To many, bassist Chris Squire and guitarist Steve Hackett are two of the most important and interesting musicians in the realm of progressive rock. As invaluable members of Yes (currently) and Genesis (formerly), respectively, as well as prolific solo artists, they’ve played pivotal roles in shaping the genre. While it wasn’t exactly inevitable that they’d start their own project, this new partnership does make a ton of sense (as does its name, Squackett). Fortunately, rather than sound like mere emulation of their previous work, the group’s debut, “A Life Within a Day,” is extremely original, distinct, and memorable. Considering how long the duo has been making music, it’s fair to say that the record is far more inventive and catchy than many may expect.
Joining Squire and Hackett are Roger King (keyboards), Jeremy Stacey (drums), and Amanda Lehmann (guitar). Previously, the duo has appeared on a few of each other’s releases, and as the story usually goes, they decided to expand their one-off meetings into a full-fledged venture. In an interview with Classic Rock Revisited, Hackett described the process of making the album by saying:
I gave Chris the pick of my material for this project. We spent so much time together on this album that we really became good friends. A lot of this music was made at home, in my living room with three main songwriters, Roger King, who produced, engineered and played keyboards on the album, Chris and myself. It is very much a home grown project.
Regardless of how it was made, one thing’s for sure: it’s a remarkable record.
The title track opens the record, and it’s full of prog greatness. Perhaps the most impressive aspect is the harmonies; they’re amazing. Squire has always utilizes his falsetto voice when backing up Jon Anderson or singing solo, and the way he and Hackett combine theirs is fantastic. The song is pretty epic in scope, too; strings complement sharp guitar riffs, which dance around complex syncopation and spacey keyboard wizardry. Of course, Squire’s trademark thick bass lines are in full effect. Eventually, the jamming harbors the chaotic majesty of Yes’ wonderful “The Gates of Delirium.” Oddly, though, this track also sounds a lot like Amplifier’s latest opus, “The Octopus.” Take that as you will.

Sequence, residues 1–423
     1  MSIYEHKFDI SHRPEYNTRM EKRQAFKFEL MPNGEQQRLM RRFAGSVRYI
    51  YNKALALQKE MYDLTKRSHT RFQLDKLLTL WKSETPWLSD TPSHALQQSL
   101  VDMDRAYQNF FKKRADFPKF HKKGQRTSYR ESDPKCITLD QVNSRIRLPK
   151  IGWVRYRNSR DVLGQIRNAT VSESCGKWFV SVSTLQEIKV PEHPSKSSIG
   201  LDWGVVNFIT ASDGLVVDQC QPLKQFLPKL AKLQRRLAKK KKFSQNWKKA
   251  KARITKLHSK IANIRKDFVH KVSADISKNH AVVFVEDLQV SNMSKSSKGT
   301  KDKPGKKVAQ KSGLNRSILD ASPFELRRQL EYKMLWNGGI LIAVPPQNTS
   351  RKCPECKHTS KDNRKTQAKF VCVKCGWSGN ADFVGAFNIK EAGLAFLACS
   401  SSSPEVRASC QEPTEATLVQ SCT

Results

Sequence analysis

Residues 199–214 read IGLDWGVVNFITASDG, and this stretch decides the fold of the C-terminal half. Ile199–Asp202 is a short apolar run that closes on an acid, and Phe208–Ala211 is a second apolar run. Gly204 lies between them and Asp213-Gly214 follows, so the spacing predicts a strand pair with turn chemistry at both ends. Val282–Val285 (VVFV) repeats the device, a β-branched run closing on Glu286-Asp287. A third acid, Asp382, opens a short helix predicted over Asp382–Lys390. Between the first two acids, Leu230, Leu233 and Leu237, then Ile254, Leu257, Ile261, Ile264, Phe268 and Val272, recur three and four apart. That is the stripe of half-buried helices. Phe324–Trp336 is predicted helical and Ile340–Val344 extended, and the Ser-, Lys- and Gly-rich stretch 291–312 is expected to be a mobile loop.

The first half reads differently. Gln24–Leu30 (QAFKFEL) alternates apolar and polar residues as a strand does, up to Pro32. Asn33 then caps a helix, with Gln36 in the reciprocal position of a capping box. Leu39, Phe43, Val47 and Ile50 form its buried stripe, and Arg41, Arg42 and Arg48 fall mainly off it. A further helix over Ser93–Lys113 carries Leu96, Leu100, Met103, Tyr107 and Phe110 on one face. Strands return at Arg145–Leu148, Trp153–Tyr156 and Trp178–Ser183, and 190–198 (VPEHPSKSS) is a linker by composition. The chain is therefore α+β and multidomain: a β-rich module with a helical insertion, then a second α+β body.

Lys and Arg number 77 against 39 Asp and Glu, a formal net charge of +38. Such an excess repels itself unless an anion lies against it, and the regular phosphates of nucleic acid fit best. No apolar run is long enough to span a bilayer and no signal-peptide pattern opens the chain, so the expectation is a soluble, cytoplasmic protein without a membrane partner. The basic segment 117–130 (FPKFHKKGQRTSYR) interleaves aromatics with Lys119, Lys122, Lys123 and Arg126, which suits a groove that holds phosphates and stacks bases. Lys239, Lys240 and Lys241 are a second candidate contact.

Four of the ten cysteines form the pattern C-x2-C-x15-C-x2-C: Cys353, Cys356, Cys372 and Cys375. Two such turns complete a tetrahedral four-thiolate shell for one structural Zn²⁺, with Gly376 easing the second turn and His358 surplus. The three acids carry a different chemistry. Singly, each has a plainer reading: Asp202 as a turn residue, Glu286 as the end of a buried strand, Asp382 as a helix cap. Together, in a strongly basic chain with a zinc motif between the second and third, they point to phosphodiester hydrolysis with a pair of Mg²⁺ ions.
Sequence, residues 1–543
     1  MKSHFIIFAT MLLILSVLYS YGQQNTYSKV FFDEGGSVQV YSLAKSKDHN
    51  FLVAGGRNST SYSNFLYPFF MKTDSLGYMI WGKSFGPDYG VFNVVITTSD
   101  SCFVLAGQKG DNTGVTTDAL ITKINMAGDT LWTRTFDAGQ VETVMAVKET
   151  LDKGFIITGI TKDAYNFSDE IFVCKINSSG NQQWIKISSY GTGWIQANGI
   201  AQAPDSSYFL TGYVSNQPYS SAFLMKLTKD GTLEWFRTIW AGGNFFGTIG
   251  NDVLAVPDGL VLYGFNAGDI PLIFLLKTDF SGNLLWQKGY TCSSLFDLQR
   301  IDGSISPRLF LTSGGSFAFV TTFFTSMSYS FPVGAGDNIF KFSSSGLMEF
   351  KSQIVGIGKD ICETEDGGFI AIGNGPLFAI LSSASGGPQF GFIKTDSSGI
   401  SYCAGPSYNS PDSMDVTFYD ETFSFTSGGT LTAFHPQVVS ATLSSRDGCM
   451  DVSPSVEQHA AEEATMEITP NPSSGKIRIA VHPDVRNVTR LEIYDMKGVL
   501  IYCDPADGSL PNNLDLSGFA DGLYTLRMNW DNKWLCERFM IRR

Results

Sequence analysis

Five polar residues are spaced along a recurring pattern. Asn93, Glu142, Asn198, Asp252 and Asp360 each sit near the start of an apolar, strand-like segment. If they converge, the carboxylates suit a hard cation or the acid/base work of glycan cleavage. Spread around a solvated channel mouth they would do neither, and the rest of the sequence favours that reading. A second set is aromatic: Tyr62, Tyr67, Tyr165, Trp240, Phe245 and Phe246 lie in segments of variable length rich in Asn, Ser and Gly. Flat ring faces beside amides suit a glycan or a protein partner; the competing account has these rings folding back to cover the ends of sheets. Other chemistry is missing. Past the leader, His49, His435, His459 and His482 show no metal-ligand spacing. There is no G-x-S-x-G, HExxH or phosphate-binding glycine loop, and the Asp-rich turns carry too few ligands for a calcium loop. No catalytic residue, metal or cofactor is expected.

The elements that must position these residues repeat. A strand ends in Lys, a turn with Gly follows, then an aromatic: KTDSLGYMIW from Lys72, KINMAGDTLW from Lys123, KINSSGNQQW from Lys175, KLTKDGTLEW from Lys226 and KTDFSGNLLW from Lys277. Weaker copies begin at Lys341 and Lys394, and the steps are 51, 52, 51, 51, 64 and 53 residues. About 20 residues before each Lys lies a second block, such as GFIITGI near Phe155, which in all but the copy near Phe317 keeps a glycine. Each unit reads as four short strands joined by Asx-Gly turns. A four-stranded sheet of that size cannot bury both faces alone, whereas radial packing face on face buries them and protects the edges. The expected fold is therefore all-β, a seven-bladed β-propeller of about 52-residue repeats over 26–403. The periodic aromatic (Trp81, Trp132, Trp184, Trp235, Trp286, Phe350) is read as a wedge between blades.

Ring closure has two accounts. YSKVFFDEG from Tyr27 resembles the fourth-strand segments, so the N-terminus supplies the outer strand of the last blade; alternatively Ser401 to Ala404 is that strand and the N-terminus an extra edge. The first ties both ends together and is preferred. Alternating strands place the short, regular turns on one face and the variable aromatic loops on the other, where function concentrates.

Another highlight is “Aliens.” Its central melody is extremely enjoyable, as is the atmospheric production. Of course, Hackett’s acoustic guitar arpeggios are wonderfully calming and regal. “Sea of Smiles” contains the same optimistic, sunny appeal as the classic output by The Moody Blues (although it’s much denser and more intricate here), while “The Summer Backwards,” with it warmth and freedom, is absolutely sublime. The percussion and crunchy riffs of “Storm Chaser” seems to take a page from Led Zeppelin songs like “The Rover,” and the way “Can’t Stop the Rain” segues into the album closer, “Perfect Love Song,” is awesome. There isn’t a wasted moment on “A Life Within a Day.”
The two most remarkable things about “A Life Within a Day” are that it sounds surprisingly unique (despite the aforementioned comparisons) and that it features such strong songwriting. Granted, Squire and Hackett have always exceled at that aspect of music, but considering how so much new progressive rock prioritizes virtuosity over melody, it’s still quite refreshing. Best of all, every element falls perfectly in place, so there isn’t a shred of egotism in the mix. If Squackett was comprised of newcomers, it’d still rank as one of the top prog albums of the year, but the fact that its masterminds are two of the genre’s most beloved musicians makes it even more special.